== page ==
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David Baxter

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Hot lines Provide Much-Needed Mental Health Care in Rural Areas
Tuesday, November 27, 2007

Farmers lives can be lonely and stressful, yet, as we've discussed in the past, few mental health care services are available in rural areas. Often, farmers must travel long distances for mental health care, and stigmas still prevent some from seeking help at all. Because of this, many farmers never receive treatment or support for their problems. Fortunately, many religious groups, universities, and nonprofit organizations now operate free and confidential mental health hot lines. The mental health care services made available through these hot lines have provided thousands of rural residents with treatment they might not have received otherwise.

Farmers cope with a tremendous amount of stress on a daily basis, and it's not surprising that many suffer from depression, anxiety, substance abuse, and other mental illnesses as a result. Adverse weather conditions, like the drought that has plagued the American southwest this year, often affect crop production for years. Working on a farm can also be an isolating experience, as farmers often work alone and live in secluded areas. Farming is unpredictable by its very nature, and farmers know that matters out of their control could easily destroy their livelihood. Problems can add up, and when farmers cannot address the state of their mental health, the combined force of mental illness and stress can become overwhelming. The rate of suicide among rural men is significantly higher than rates among urban men.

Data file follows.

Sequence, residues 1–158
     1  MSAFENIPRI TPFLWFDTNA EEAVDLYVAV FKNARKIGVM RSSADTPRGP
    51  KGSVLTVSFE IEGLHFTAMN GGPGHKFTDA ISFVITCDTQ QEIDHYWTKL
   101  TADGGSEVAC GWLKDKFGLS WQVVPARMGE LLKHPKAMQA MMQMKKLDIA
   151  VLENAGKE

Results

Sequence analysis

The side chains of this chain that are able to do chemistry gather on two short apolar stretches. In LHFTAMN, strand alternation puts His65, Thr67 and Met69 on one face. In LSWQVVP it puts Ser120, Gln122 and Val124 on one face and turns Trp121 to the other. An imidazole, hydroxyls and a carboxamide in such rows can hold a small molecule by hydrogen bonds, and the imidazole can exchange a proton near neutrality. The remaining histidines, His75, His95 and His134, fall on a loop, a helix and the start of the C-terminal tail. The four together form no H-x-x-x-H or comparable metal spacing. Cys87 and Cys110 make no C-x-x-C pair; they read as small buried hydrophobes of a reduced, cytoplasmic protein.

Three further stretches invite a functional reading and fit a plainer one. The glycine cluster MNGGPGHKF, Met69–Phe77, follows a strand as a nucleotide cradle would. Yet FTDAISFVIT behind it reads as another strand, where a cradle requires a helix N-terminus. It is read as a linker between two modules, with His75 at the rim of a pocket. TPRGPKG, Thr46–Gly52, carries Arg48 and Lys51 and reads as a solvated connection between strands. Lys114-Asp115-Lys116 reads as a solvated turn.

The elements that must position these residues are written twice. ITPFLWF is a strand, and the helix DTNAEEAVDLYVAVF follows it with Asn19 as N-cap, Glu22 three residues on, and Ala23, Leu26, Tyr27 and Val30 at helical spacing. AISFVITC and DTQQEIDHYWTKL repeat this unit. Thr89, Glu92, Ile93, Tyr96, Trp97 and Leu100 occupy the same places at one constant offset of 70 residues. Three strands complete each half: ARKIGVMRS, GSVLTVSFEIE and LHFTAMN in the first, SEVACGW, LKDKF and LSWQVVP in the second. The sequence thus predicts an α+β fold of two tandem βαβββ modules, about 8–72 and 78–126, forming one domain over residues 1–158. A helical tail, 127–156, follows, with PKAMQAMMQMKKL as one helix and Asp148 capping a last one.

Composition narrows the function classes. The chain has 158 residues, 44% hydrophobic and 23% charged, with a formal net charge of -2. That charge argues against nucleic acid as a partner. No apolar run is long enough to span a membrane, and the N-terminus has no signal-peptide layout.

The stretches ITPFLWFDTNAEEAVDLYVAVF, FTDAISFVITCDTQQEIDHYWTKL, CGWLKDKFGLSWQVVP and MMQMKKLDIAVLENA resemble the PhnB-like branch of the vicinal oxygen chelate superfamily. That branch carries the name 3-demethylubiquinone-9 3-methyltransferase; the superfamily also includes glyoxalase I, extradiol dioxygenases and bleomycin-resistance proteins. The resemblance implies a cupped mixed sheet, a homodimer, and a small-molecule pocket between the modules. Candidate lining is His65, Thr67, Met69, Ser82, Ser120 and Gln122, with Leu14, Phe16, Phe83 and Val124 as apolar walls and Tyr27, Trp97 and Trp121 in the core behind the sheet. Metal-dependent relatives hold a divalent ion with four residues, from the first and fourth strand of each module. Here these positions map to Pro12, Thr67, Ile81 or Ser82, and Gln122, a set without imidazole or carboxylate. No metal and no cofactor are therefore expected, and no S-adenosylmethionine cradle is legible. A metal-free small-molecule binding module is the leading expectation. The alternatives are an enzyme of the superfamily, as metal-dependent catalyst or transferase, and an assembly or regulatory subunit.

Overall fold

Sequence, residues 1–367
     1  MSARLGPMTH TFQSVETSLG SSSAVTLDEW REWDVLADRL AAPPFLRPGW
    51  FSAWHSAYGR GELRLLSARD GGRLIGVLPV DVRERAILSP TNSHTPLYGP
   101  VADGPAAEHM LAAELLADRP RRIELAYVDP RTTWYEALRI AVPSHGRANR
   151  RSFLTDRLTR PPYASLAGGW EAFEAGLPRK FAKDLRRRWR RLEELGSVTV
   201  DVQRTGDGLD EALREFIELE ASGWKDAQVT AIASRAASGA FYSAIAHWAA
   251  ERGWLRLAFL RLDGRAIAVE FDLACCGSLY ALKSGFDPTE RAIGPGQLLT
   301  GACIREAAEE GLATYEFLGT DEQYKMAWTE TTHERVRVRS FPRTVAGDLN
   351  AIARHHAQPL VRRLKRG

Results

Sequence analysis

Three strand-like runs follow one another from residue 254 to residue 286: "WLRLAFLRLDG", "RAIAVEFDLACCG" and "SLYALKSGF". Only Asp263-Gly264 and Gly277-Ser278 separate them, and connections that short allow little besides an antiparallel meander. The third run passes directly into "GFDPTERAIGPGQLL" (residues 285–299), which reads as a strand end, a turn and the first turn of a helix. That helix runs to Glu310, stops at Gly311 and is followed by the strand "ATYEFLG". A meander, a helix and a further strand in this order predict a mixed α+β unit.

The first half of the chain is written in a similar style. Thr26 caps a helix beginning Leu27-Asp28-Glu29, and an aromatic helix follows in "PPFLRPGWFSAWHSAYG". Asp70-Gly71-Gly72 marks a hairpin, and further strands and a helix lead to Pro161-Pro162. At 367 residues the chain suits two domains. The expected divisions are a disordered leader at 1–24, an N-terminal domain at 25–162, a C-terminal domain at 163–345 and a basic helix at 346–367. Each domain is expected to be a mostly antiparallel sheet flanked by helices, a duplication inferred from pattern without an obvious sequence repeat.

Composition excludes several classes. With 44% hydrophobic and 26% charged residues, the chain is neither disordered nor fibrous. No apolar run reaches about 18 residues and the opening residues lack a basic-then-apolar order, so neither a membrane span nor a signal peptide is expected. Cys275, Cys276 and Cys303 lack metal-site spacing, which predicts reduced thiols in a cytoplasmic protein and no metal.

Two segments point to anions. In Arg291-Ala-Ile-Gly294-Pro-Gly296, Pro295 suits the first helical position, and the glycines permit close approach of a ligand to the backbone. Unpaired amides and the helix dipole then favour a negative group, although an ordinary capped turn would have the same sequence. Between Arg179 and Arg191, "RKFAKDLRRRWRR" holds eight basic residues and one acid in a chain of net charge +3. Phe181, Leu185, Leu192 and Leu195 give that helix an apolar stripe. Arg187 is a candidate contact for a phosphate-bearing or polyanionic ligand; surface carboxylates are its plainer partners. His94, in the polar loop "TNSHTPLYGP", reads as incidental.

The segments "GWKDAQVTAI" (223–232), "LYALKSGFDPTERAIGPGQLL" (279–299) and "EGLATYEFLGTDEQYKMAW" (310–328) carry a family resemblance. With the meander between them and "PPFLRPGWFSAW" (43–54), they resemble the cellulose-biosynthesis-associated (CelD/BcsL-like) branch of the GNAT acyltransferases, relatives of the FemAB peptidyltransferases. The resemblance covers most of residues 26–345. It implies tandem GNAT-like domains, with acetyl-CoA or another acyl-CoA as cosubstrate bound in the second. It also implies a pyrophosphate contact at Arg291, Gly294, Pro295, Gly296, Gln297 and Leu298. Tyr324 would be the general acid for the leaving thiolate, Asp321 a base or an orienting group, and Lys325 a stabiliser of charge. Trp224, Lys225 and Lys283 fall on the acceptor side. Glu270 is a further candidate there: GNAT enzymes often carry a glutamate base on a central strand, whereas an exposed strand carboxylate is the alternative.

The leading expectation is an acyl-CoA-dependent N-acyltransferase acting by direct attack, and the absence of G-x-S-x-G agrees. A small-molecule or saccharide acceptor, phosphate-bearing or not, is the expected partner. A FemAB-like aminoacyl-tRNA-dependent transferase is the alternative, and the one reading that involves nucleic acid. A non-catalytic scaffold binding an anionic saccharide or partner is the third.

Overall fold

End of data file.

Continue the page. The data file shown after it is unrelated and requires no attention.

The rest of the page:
Mental health hot lines are a step in the right direction and provide farmers who do not have access to other mental health care with valuable resources. They can receive vouchers for therapy sessions, be referred to a mental health professional, find a support group, or talk with a financial expert who can help them manage their bills. Agriwellness, a nonprofit organization operating hot lines in Iowa, Kansas, Minnesota, Nebraska, North Dakota, South Dakota, and Wisconsin, receives an average of 12,000 to 14,000 calls each year.

When farmers receive help for mental illnesses, they are better able to cope with and find solutions for their problems. When they can discuss their problems with someone else, farmers feel less isolated, and this makes hot lines an important form of therapy in areas where mental health care services are scarce. Individuals from these areas would also benefit from treatment and support delivered over the web. Websites like Treatment Online provide tools, like internet communities, and contain interactive features to make remote therapy as effective as more traditional forms of therapy. More mental health care services are needed in rural areas, but therapy and support dispensed over the phone and over the internet will remain crucial options for those in underserved areas.
 

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